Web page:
BAYAMON, Puerto Rico – Danny Jacobs was stunned to find out that not many people knew that he was fighting on the undercard of the Danny Garcia-Mauricio Herrera show at Coliseo Ruben Rodriguez on Saturday night.
But he’s happy to be getting back in the ring to pick up on his quest to become a middleweight champion. Jacobs will fight Milton Nunez (26-9-1, 24 KOs), a journeyman from Miami, in a bout that will be broadcast on Showtime Extreme.
“I’ve had my highs and lows and I’ve kept trucking. This is one of those things where I have to fight Milton Nunez, which some would consider a journeyman, and get over him and see what the future brings,’’ Jacobs said. “I wanted to stay as active as possible, especially since I’ve been off for a very long time.’’
Jacobs (26-1, 23 KOs) was diagnosed with osteosarcoma, an aggressive form of cancer that manifested itself as a walnut-sized tumor wrapped around his spine, in May 2011. The tumor had damaged his nerves and caused partial paralysis in his legs. Doctors advised him to quit boxing. But after having the tumor removed and going through rehabilitation, Jacobs resumed training.
He returned to the ring on Oct. 20, 2012, scoring a first-round knockout against Josh Luteran in the inaugural boxing show at Barclays Center in Brooklyn.
“I’ve had some fights since then and I’ve been gradually getting better and better. I wanted to stay active to keep that flow going,” Jacobs said.
Jacobs has fought three times since that comeback win against Luteran. He has worked himself back into contention.
“This is his first fight of 2014,” said Eric Gomez, Golden Boy Promotions chief matchmaker. “He’s been off for a while. He hasn’t fought since August. There are a couple of fights that fell through. This fight [against Nunez] is just maintaining and getting back in the groove. After this fight he’s ready for a title fight. He wants to fight Peter Quillin or any of the champions. We’ll see how he does on Saturday. But this is just a fight to get him back in the swing of things. A maintenance fight.’’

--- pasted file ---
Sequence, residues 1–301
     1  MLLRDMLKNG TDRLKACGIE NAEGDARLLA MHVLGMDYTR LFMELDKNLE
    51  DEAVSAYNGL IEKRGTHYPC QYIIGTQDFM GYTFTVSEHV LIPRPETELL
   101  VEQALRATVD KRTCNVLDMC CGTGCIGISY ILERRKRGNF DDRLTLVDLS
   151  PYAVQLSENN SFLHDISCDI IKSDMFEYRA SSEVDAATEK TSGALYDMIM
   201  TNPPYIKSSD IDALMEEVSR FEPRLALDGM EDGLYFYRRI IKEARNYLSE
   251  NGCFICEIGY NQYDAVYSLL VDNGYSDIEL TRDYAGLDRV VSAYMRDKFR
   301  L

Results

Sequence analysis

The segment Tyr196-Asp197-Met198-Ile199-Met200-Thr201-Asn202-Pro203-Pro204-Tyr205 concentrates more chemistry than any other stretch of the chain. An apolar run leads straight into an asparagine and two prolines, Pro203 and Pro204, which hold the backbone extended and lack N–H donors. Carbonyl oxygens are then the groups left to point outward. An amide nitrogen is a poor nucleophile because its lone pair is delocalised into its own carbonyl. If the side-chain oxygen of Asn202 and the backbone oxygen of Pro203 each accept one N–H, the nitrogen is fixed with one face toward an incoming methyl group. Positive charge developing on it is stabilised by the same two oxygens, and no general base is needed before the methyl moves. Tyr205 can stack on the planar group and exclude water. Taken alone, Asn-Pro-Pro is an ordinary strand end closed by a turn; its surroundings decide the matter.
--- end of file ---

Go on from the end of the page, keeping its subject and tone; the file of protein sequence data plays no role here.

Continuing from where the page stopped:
Jacobs said he has been frustrated with not getting the Quillin match, which is a natural for Barclays Center considering both of them are known quantities in New York and have fought at the arena. Jacobs lives in Queens and Quillin, the WBO middleweight champion, used to live in Brooklyn.
“It’s definitely makeable. We’ve got the same manager and promoter,” Jacobs said. “We know the battle that’s going on between the two networks. It’s an easy fight to make in a place where the fans want it. I’ve never had so many fans on InstaGram and Twitter that want to make this fight. This is just not me calling out someone or looking for just any champion. This would be a fight that the fans want and they’re going to get it soon enough.’’
Andre Rozier, Jacobs’ trainer, said it has been extremely frustrating trying to get Quillin to agree to a fight.
“It’s incredible. We were looking to box Peter in January. That didn’t happen,” Rozier said. “It’s been a long drawn out process. We still don’t know if they’re going to get in the ring against each other. I don’t think Pete wants the fight. Danny wants it in the worst way. It’s a rough place to be in. Waiting, expecting, anticipating.”
Jacobs left New York in January and traveled to Australia to stay with friends and train. He was gone for over a month and it gave him a new perspective on things. And it wasn’t because he was halfway around the world.
“I had a chance to work some fitness guys and got a chance to learn some different techniques on boxing and training,’’ Jacobs said. “It opened my mind on different aspects of how far I can take my training to be a better me. I was there for a whole month. I had to gain weight when I came back so I could put it on and lose it again.’’
If Jacobs can’t get Quillin in a championship fight, Rozier wants him to stay busy, thus the match against Nunez.
“I’d like to keep him moving every three months,’’ Rozier said. “I’d like to see my guys box a lot. That’s the only way you maintain your skill level. I’d like to see him pick the pace up. It’s not like, 'I’m Floyd Mayweather and I’m boxing twice a year.' He’s in the stages of 'let me work.' If I could get him work five times a year, I’d like to do that.’’